Building your own bbq smoker is a large undertaking. You need access to a proper shop, or at least a welder and a grinder, plus some other tools.
You can either build everything from scratch, or use old/used parts that you can find lying around. I chose to build a so called offset smoker, where you build a fire in one box, and place the food in another (named the food chamber).
This post is written as the build continues, so keep reading for some interesting turns during the construction.
A little smoker theory
There are a lot of smokers built already, and there are tons of models. Both ‘ordinary’ smokers as well as reverse flow smokers. I’m a big fan of the ordinary smoker. The air and smoke should travel straight through without stalling. That’s why I share the same thoughts as Aaron Franklin when it comes to smoke stack size. There should be a good, uninhibited draft. I want an isolated fire chamber to minimize weather affecting the fire. The connection between firebox and food chamber should not be welded, this is to minimize conductive heat transfer between the two. This will help avoid setting fire to the grease. The food chamber should be angled slightly so all fat and grease is drained quickly and not catch fire. If it does, it will have a negative impact on flavor.
There is a lot of discussion on smoke stack placement. I belong to those who mount the smoke stack at center level or below, to avoid having the hot air travel all the way at the top of the food chamber and never touch the meat. As for creating a relatively even temperature throughout the food chamber, the firebox to food chamber opening is critical.
Sourcing a tank
I found a suitable (?) tank close to a forest, and contacted the owner. He gave it away for free if I arranged for transporting it. This one was made in 1975 and measures 39 inches in diameter and is 90 inches long. It is built to withstand 15.6 bar pressure (all according to the sign), so I’m guessing it hasn’t been used as an oil tank. It weighs a ton, so I need a crane to move it.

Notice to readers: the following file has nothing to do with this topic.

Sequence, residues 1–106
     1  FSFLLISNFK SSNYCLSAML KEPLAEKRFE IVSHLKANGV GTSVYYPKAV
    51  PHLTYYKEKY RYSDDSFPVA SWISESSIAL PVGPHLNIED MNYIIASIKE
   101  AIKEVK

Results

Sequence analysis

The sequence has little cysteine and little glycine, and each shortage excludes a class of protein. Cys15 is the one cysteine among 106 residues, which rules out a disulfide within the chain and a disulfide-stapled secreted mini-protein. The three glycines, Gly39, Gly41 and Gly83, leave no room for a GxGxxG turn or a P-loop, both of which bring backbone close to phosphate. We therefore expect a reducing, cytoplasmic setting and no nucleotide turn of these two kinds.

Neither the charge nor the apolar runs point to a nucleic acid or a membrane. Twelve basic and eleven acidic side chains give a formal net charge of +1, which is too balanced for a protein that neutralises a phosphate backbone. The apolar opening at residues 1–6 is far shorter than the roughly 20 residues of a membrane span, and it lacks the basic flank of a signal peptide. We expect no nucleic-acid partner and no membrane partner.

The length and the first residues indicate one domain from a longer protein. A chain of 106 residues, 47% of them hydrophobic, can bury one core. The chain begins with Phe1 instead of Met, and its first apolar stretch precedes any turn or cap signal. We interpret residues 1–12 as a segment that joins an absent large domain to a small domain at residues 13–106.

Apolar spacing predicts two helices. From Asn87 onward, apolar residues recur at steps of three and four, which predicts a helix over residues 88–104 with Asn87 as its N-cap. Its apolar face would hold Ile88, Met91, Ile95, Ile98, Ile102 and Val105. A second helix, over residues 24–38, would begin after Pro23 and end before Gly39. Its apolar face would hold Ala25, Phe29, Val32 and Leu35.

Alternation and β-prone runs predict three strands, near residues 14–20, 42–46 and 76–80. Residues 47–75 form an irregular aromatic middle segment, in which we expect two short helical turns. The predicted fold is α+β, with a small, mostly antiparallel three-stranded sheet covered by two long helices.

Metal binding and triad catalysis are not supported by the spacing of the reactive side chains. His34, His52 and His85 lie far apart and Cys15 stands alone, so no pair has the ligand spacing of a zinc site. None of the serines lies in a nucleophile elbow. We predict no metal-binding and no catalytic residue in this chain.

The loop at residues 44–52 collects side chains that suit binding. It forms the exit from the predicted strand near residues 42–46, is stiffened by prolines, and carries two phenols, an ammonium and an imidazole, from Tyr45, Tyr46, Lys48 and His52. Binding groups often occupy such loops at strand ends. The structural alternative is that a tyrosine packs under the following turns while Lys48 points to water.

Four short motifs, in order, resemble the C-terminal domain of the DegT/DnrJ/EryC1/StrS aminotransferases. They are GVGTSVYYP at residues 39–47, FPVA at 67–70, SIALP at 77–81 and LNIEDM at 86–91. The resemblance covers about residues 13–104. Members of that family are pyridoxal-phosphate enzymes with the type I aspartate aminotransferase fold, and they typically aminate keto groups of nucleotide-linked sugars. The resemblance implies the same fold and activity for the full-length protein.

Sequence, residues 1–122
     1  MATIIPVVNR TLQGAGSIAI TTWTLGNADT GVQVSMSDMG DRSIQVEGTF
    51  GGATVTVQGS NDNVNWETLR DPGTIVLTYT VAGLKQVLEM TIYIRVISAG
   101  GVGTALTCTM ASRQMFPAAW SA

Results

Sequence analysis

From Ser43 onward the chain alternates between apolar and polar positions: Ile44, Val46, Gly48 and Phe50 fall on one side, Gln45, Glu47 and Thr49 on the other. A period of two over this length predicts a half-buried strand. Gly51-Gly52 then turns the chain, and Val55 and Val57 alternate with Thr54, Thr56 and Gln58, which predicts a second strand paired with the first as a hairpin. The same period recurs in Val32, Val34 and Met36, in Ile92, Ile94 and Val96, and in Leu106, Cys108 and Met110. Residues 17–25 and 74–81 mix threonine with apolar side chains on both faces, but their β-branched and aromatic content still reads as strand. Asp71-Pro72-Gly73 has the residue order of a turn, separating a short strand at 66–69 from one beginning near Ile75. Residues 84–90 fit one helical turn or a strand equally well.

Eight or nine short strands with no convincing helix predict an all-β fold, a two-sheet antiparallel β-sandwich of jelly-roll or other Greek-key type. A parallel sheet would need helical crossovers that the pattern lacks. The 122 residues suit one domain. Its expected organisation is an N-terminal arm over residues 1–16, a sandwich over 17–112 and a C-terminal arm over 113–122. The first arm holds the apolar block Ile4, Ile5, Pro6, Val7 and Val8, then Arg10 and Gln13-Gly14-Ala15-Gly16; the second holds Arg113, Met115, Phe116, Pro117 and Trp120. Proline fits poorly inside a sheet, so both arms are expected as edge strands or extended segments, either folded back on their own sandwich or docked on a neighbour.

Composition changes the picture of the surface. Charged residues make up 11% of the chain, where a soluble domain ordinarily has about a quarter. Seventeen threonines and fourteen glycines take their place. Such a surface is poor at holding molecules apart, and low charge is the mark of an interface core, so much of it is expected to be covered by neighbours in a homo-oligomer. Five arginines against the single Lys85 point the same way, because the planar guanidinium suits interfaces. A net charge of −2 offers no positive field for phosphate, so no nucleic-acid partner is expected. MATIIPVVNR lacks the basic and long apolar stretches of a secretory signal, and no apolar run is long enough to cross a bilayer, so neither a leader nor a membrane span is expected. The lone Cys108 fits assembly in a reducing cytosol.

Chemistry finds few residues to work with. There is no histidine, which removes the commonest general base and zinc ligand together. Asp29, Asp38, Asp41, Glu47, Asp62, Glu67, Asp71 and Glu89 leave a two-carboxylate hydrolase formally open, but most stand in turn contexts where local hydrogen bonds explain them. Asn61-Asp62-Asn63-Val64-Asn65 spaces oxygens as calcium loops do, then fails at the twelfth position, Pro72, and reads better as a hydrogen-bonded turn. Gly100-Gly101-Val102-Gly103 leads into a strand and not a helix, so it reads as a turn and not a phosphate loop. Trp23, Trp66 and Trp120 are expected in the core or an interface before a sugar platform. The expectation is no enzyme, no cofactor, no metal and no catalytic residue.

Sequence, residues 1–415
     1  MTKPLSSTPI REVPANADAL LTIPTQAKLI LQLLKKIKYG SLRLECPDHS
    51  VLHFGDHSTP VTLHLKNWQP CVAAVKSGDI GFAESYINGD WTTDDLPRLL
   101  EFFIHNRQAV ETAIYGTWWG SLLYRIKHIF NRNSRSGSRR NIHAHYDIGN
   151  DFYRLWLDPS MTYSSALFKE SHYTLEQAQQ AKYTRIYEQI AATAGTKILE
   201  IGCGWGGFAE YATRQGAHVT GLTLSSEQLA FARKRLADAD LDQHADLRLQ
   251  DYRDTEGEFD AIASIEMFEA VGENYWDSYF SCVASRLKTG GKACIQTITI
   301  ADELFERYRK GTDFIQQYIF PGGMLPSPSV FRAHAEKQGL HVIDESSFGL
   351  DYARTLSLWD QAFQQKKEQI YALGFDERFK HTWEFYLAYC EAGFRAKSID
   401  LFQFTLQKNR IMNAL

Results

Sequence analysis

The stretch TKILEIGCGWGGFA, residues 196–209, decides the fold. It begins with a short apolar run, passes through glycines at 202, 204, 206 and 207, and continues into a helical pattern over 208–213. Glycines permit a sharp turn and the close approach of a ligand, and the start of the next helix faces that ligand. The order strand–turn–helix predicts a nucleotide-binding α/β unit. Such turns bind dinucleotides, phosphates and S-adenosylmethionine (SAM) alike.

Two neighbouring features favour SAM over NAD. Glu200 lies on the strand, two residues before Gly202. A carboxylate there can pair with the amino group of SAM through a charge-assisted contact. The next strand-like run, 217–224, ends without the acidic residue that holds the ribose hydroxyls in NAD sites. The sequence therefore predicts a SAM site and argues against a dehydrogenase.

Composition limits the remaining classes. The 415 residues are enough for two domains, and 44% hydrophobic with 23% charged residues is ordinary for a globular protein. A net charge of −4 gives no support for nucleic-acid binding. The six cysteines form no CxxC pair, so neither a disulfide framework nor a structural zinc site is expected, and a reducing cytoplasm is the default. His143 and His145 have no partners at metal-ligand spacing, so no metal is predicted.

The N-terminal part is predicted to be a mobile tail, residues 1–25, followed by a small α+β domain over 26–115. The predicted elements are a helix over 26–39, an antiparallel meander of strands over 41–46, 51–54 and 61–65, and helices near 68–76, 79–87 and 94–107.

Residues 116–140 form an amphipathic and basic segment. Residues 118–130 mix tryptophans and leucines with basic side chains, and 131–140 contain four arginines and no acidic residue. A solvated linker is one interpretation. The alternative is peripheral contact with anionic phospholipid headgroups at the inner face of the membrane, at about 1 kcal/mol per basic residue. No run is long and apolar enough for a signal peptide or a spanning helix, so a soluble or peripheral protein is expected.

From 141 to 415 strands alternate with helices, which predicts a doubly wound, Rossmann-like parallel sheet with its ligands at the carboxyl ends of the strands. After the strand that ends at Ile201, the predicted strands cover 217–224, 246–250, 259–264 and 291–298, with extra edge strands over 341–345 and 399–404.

Fabricating the other parts
So, given the tank above I need to fabricate the following:
- A firebox
- A smoke stack
- A leg frame/stand
I have decided to make a rectangular (as opposed to round) firebox since it will be easier for me. I have also decided to build two boxes and place one inside the other. This is to provide insulation, there will be a 1 inch air gap between the inner and outer box. The reason for this is to make it less sensitive to rain and wind, as well as making it more energy-efficient.
I have made it 70 centimetres long, and 60 by 60 centimeters wide/tall. That translates into 27.5 inches long, and 23.5 inches wide/tall. I made a model using cardboard first, it was a lot quicker and cheaper for prototyping. The size is slightly less than 1/3 of the main chamber, recommended by Feldon’s pit calculator.
The Smoke Stack
I want a large diameter chimney for proper draft. Better draft means better/cleaner burning of wood, which in turn affects smoke flavor. I initially planned to make it out of ordinary steel, but it was hard to find pipe of that dimension whose walls were still thin. They were around 3/16 to 5/16 of an inch thick for an 8 inch pipe, which would make it ridiculously heavy. So I switched and used stainless steel pipe instead, which was available in the sizes I wanted. Many thanks to Göinge Rostfria for help with this!
My smoke stack measures 160 mm in diameter, which translates to 6 5/16 inches. Including the 90 degree bend the full length measures 2.7 metres, equivalent to 106 inches, or 8.9 feet.
The Leg Frame/Stand
Since the main tank probably weighs a lot, given the pressure it was made to withstand, I figure the stand must be sturdy. I decided to use square pipe, measuring 2×2 inches. I made 6 ‘legs’, pointing upward, to support the weight of the tank. The whole frame is 150 cm (59 inches) long and 80 cm (31.5 inches) wide. I also added reinforcements to all legs to be on the safe side.
Read more in part II of this series.